The Communities Secretary, Robert Jenrick, announced on the 16 September 2020 that the current moratorium on commercial evictions will be extended until the end of 2020. This is part of a wider financial package, consisting of £160 billion promised by the government to protect jobs, incomes and businesses.
What is the moratorium on commercial evictions?
The moratorium on commercial evictions is just one of the many measures brought in as a response to the financial pressures faced by many businesses due to the effects of the Covid-19 pandemic. It was brought in in March under the Coronavirus Act 2020, and will be effective at least until the end of the year.
It prevents commercial tenants from being evicted by their landlords due to non-payment of rent in the period between 26 March 2020 and 31 December 2020.
This was initially brought with an end-date of 30 June 2020. This has since twice been extended: first until the 30 September 2020 and now until 31 December 2020.
Those who can pay their rent should do so. Those who cannot will be expected to repay the rent arrears accrued once the moratorium period has ended.
Why has the government extended the moratorium period?
The hospitality industry wrote to the government, asking for an extension of the moratorium. Given the end of the Eat Out to Help Out scheme and the quarterly rent falling due on the 29 September 2020, many hospitality businesses felt that they could be vulnerable if the moratorium ended on 30 September 2020.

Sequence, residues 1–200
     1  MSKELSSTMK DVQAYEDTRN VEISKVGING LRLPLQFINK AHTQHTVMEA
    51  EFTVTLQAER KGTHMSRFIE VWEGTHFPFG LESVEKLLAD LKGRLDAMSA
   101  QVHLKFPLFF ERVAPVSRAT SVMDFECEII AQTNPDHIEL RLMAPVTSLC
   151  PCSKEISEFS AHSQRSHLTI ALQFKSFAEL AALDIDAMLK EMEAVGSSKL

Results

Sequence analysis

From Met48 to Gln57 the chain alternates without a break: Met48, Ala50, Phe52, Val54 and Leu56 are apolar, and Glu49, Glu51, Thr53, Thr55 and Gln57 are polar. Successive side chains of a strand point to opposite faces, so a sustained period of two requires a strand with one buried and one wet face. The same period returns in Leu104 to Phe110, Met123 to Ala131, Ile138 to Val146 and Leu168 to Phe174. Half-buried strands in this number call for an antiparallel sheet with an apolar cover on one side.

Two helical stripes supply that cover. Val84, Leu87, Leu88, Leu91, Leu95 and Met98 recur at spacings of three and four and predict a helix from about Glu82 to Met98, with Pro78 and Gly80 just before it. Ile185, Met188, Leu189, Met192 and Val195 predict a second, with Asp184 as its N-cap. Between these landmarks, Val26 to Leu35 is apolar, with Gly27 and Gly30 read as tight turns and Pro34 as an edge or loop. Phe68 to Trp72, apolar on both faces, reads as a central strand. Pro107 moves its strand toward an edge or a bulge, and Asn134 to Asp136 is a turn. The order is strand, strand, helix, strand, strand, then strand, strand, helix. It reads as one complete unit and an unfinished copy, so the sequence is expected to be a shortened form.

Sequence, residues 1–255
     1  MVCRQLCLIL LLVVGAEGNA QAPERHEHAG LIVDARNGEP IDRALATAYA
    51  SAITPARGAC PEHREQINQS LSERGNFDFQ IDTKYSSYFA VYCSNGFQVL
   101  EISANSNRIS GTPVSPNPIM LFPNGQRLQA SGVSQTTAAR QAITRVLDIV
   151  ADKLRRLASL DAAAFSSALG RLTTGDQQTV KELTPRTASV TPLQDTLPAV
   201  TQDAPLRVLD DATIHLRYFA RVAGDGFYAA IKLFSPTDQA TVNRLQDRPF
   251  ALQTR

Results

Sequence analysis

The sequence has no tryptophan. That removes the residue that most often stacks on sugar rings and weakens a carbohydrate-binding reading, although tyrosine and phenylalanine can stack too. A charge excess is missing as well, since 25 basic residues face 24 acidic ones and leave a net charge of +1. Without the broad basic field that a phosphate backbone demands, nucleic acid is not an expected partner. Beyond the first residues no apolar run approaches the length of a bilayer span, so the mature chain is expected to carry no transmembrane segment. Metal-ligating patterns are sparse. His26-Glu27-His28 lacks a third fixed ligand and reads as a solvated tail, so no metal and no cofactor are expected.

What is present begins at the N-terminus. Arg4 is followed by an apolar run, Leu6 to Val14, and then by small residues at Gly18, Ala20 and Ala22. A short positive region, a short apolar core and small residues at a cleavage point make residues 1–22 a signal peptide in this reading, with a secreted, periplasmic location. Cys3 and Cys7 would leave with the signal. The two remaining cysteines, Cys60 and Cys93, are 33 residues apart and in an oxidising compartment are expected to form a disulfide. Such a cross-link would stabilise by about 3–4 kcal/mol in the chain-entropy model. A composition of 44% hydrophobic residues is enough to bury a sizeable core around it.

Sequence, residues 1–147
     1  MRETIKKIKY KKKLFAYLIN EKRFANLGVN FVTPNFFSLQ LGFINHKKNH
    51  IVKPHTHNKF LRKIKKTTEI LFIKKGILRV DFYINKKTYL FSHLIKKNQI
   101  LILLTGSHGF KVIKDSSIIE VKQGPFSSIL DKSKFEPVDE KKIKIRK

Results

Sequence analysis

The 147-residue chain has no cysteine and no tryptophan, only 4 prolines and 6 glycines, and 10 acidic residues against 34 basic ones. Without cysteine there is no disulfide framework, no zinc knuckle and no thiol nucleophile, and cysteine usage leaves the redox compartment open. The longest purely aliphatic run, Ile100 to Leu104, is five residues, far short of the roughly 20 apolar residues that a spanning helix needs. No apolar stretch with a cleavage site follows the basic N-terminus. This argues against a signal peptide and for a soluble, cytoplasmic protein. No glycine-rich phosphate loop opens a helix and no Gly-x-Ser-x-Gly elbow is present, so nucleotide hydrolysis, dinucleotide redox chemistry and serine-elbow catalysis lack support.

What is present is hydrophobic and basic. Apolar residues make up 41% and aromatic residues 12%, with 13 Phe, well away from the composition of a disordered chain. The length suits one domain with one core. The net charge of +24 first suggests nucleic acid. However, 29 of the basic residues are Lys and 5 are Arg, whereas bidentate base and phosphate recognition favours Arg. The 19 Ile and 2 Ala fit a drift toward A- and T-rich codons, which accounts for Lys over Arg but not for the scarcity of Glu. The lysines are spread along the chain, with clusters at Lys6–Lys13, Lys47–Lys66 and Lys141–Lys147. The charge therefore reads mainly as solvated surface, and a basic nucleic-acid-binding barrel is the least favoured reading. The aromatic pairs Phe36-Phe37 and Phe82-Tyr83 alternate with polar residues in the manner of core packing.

The government have placed much focus on what is needed to ensure people keep their jobs during this period. One clear way of helping to do so is to ensure businesses are able to keep their premises.
Why are landlords not happy with this extension?
Landlords have warned that the commercial eviction moratorium risks harming those who have invested in the property market.
In addition, the system is vulnerable to abuse. Melanie Leech, who is the chief executive of the British Property Federation has warned that it “must come to an end as well-financed businesses have been exploiting the government intervention to avoid paying rent”. She also voiced that the debt is already at “unsustainable levels”.
Are there any other options available to landlords?
Depending on the agreements in place, a landlord could attempt to recover the rent from another party e.g. guarantor or subtenant.
A landlord could bring a claim for the debt. However, it can be costly and it may be difficult to recover monies.
Forfeiture other than for non-payment of rent. However, this can be costly and uncertain.
Wait it out.
If you are a business facing financial difficult or a landlord seeking to explore what options are available to you, please get in touch with Farleys’ litigation team on 0845 287 0939 or contact us by email.
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